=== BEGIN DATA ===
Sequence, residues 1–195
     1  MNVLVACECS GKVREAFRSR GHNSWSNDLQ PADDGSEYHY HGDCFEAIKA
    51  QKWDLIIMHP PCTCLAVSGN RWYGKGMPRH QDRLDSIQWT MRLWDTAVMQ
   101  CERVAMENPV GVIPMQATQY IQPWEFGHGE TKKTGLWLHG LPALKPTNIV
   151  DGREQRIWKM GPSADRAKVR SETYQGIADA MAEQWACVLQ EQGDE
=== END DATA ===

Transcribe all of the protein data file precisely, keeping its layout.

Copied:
Sequence, residues 1–195
     1  MNVLVACECS GKVREAFRSR GHNSWSNDLQ PADDGSEYHY HGDCFEAIKA
    51  QKWDLIIMHP PCTCLAVSGN RWYGKGMPRH QDRLDSIQWT MRLWDTAVMQ
   101  CERVAMENPV GVIPMQATQY IQPWEFGHGE TKKTGLWLHG LPALKPTNIV
   151  DGREQRIWKM GPSADRAKVR SETYQGIADA MAEQWACVLQ EQGDE